In China the average successful subsistance farmer, in addition to the fields for rice or millet and veggies has on average 1/4 acre of timber size bamboo to provide a the families needs for fiber & construction material, and shoots in season for food. Products from the bamboo then also become part of the family income. You don't have a viable farm unless you have a 1/4 acre bamboo grove.

Food for thought, so to speak.
well she is not wanting to have 80 acres of Bamboo but she is wanting to plant it in a couple of places and where she is wanting to plant it space would not be a issue it could spread as much as it wanted....LOL though I do wonder the one spot is at the edge of the pasture in a semi swampy place......think cows would eat it?

I have black bamboo growing by the side of the house...its beautiful. And in the spring, if it grows anywhere I don't want it to, steamed bamboo shoots!

I agree - Black Bamboo is stunningly beautiful. Sadly, it is at best marginally hardy in zone 6 and definitely a failure in zone 5 & 4. I keep some in a pot, and bring it in for the winter.

though I do wonder the one spot is at the edge of the pasture in a semi swampy place......think cows would eat it?
Cows, horses and deer will will reach as far as they can through a fence to munch on bamboo. Especially the new shoots. Bamboo and Bovines don't mix, you can have one, or the other.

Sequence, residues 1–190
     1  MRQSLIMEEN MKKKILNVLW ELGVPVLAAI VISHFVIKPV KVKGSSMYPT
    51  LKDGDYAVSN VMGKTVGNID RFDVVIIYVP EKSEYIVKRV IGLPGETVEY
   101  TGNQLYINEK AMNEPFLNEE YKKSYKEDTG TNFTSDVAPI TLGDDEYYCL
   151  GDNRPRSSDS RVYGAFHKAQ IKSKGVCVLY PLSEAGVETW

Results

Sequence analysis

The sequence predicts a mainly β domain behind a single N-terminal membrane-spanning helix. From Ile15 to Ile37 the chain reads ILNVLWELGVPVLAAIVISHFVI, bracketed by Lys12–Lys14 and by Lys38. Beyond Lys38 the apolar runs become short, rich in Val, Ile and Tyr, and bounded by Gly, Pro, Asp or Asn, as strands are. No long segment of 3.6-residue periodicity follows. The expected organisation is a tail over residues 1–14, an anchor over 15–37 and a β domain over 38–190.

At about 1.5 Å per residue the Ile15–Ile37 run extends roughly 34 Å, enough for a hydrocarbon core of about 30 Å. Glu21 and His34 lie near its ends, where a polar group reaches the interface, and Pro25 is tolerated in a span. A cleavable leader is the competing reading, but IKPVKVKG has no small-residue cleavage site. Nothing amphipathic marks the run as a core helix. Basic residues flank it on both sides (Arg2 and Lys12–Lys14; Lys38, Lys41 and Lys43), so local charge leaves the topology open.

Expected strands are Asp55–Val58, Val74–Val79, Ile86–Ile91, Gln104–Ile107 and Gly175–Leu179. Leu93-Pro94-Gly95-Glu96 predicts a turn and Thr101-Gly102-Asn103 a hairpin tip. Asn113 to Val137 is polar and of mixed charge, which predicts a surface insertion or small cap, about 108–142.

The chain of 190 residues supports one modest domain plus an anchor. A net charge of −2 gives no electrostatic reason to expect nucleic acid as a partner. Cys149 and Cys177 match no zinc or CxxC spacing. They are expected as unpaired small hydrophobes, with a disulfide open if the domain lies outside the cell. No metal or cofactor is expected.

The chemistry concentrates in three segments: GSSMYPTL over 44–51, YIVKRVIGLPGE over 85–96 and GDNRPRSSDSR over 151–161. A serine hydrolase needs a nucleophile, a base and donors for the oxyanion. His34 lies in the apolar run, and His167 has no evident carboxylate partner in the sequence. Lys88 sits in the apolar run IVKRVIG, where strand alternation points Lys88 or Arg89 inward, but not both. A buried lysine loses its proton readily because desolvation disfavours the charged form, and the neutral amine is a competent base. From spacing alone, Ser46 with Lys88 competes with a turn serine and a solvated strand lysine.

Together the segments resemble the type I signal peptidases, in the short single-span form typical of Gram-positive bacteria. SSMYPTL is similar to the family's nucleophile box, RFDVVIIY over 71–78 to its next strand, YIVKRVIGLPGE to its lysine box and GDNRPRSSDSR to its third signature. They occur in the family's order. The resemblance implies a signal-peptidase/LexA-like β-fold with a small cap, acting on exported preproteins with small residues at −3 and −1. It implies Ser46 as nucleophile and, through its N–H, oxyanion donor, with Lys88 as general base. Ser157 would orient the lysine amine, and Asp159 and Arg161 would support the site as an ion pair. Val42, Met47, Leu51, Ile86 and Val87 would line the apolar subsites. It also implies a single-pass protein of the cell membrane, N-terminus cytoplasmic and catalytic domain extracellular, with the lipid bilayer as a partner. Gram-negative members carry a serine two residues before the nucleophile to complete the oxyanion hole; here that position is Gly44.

Also, bamboo will survive flooded soils only for a short time - a few weeks at most. They do not do well on year round swampy soils - except a few specialized species. None of which I have in stock right now. They do best halfway up the hill from the stream, not too dry, not too wet. 50 & 100 year flood plains are okay -the annual flood plain is not good bamboo habitat.

Well folks, I am now sold out of Phyllostachys aureosulcata 'Spectabilis' until next summer. The folks at the Milwaukee Bonsai Society snapped them up. I had an arm wrestling match in the aisle over the last pot !!!

The Dwarf Greenstriped Bamboo is sold out for this week - I just need to dig some more and give it a month to make sure it is a viable division.

Anyone who wants the Dwarf Green-striped Bamboo, Plieoblastus viridi-striata, please let me know and I will dig to order. $10 / 1 gallon division with rhizome section at least 3 culms (canes) long.

Similarly I can dig to order the normal green with dull yellow groove form of Phyllostachys aureosulcata - the Hardy Yellow-Groove Bamboo. This will be $35 per 3 culm long rhizome division. Shorter divisions will be $25. None are dug at this moment, the potential supply is nearly unlimited (my grove could supply 50 + divisions if I took the time to dig them).